I was asked to give an impromptu tutorial in “widget advertising” last week in Bangalore. What started off as a casual request turned into a cubicle with a few people looking over my shoulder at a web browser with four tabs loaded with:
- My iGoogle page
- The new Lenovo/Microsoft Live Portal
- The plugin directory at WordPress.org
- Fred Wilson’s Blog, A VC
I have heard it said the best way to learn something is to teach it, and having never commissioned nor served a so-called “gadget ad” I found myself in the same mode I was in three years ago at CXO Media, when I conducted a series of brown bag lunches on the silent revolution occurring in the post-bubble world of web media. This is the abridged version of what I told the gang in Bangalore last week.
Traditional web advertising is defined by a call-and-serve model where a publisher fences off some turf which is occupied by a string of code which calls for an advertisement housed on an ad server. Getting that ad onto that server is the act of trafficking, and can attach conditions to when and where the ad is shown. For example, an advertiser might buy a specific section of a web site for a certain period of time, and only want an ad to be shown during certain hours, or to users from a certain geographical area, and further insure a visitor would not see the same ad more than three times. All of this is enabled between the code on the web site and the ad server.
Changing the terms — the duration of the ad campaign, the creative (say lowering the price in a banner ad in response to a competitor lowering their price), and making any modifications is a gigantic pain in the ass that requires a change order and all sorts of ad ops pain which one’s agency has to deal with. Therefore, the old model of serving ads, Dart trafficking, purchase orders, etc. , in my opinion, sucks.
Now, look at what is possible if the ad were fixed in place, like a plug-in feature embedded in the right side gutter of this blog. See the Flickr gallery? The My Blog Log thingy? Those are widgets. Apple has em. Yahoo has em. Google has em. WordPress has em. They are supposed to be all the rage and bloggers more eloquent than I have waxed eloquent about them. Some rag apparently declared this to be the year of widget. Um, okay, but how do they work for advertisers?
Let’s start with my personal Google page (my default homepage, except fricking Lenovo.com takes it over like a jealous girlfriend every other day). You understand the principle, it’s like every other portal page ever developed. MyYahoo, MyWay … pick a content module — a clock, a calculator, quote of the day from The Big Lebowski (“the Dude abides”), and place it where you want it. When you start selecting stuff, search on HP (yes, I am showing my competition some love here) and up comes this gadget.
Now, note to Eric Kintz, this thing hasn’t been updated in months, but the spirit is there and the potential is immense. So, for some reason, let’s say I am a real fan of HP cameras, I decide I need to see what they are selling every time I go to the Google portal. HP could, if they refreshed it, modify the price, change the image, push promotions, in short — this is a “perma-ad” that me, the user, can decide to place or alter.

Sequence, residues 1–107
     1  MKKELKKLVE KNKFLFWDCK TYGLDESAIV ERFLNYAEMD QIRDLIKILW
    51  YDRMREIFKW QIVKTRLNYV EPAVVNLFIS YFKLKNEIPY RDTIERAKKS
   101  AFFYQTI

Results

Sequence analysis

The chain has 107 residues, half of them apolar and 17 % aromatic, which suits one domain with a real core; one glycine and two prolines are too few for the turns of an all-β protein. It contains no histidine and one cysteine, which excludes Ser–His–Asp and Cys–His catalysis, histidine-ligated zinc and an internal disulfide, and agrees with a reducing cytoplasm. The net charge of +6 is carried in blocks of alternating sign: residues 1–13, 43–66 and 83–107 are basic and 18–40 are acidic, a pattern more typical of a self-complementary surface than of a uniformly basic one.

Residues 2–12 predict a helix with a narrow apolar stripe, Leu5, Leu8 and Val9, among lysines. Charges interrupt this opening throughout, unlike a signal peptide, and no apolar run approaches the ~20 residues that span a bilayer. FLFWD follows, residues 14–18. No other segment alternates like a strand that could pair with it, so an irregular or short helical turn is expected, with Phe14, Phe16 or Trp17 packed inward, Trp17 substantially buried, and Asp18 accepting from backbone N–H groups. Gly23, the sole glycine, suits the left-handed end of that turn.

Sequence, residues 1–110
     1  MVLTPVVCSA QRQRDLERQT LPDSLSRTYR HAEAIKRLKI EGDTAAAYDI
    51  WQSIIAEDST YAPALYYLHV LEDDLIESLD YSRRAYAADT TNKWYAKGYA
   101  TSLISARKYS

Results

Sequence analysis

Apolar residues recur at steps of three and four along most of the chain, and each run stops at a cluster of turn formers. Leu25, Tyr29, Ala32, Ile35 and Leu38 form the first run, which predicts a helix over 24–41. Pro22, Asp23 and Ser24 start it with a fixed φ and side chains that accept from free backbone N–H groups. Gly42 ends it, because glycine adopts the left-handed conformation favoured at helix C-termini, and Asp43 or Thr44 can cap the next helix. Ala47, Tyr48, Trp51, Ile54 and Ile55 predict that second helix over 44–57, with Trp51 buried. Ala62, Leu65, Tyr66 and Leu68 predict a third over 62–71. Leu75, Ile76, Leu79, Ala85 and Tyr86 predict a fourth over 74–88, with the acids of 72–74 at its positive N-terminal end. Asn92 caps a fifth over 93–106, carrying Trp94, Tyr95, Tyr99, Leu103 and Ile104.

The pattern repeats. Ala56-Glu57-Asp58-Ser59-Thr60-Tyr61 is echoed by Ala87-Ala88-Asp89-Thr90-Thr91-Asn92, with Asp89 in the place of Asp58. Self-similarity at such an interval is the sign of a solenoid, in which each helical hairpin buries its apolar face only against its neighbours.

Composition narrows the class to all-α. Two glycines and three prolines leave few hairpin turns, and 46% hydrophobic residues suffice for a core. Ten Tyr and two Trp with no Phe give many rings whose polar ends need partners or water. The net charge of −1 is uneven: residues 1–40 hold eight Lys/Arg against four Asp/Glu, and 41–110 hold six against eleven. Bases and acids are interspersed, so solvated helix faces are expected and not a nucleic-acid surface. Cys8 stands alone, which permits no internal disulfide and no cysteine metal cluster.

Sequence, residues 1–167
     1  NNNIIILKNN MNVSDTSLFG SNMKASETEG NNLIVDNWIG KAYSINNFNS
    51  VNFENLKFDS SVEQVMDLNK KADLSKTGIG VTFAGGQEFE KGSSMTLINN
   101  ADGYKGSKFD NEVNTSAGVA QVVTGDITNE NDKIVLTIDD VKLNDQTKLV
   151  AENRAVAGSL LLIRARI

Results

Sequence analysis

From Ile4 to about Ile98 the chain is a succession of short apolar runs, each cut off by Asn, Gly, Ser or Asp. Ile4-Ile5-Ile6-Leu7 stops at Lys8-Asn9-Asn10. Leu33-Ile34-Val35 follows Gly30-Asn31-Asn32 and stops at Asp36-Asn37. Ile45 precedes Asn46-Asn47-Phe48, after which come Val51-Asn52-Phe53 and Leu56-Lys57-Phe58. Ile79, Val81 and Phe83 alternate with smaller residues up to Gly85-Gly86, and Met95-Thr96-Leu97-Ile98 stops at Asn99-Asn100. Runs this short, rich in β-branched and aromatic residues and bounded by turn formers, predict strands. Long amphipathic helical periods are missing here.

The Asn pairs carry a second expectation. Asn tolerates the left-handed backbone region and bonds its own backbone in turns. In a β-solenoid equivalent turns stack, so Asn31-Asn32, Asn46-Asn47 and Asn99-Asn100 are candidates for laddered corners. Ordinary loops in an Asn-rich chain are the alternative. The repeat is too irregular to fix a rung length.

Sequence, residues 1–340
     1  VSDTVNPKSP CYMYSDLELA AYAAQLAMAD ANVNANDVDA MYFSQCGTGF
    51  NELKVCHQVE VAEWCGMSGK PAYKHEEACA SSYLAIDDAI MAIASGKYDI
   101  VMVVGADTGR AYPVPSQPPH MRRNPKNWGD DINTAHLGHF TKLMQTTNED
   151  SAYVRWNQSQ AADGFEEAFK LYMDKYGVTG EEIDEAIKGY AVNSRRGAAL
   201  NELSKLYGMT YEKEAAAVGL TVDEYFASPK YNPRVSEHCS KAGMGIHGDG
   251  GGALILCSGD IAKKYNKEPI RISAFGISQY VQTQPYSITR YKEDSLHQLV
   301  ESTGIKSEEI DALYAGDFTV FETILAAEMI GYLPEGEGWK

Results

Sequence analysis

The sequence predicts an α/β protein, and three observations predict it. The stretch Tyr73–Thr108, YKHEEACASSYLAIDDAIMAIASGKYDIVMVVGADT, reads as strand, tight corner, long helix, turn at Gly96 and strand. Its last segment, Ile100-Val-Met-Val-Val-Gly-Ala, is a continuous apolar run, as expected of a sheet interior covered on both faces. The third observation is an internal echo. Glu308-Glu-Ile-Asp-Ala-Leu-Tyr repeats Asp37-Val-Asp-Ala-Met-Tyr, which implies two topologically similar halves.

What’s the difference between this and an ad unit? First off, it isn’t served by an ad insertion engine like DoubleClick or Atlas. Second, to modify it I don’t need to replace the entire ad, only elements inside of it. Think of this as a site within in a site. A mini-site.
Similar to this is what we’re doing with Microsoft for our homepage default in Internet Explorer. Setting the default on the browser to Lenovo.com isn’t a good idea — we get lots of garbage traffic that immediately goes elsewhere because the user can’t or can’t be bothered to change their browser’s homepage default. No, instead you want to offer the user a homepage with some modicum of utility, something that — dare I invoke the term of the year of 1997? — is sticky and will be useful. This page, a cobranded version of Microsoft Live at MSN, is an attempt to do that, and we are building a widget/gadget thingy to keep our customers informed, tell them about features and functions they may not be aware of, and let them know when we’re conducting a promotion or having a sale.
Then there are plug-ins. Plug-ins are modules a site-side publisher — like a blogger — can download and embed on their blog. Some of these plug-ins are “badges” or fixed spots that a blogger can grab as part of an affiliate program with say Amazon or Bass Pro Shops. The concept is simple — give the vendor some real estate, and any sales that result from a click from the affiliate badge will carry a unique identifier which yields the blogger/site owner a percentage of the sale.
Finally, if you want to see a site in action that uses a lot of plug-ins, widgets, gadgets, etc., you can’t do much better than Fred Wilson’s A VC. Fred is a venture capitalist at New York’s Union Square Ventures and he invests in a lot of the companies that produce these plug-ins. He’s also blogged smartly on the topic.
So, to recap:
Gidgets are the next wave in display advertising. They pose a challenge to creative teams who need to design a unit that can be easily updated, through a syndication pipe using RSS/XML principles to publish new content from a remote owner. They pose a challenge to publishers who are accustomed to a random, or roadblock model in ad tagging and serving. They probably will simplify the lives of the people running metrics as they aren’t subject to any randomness and probably will have a longer shelf life than other units served on a campaign basis. Will they perform better than banners? The Jury is out.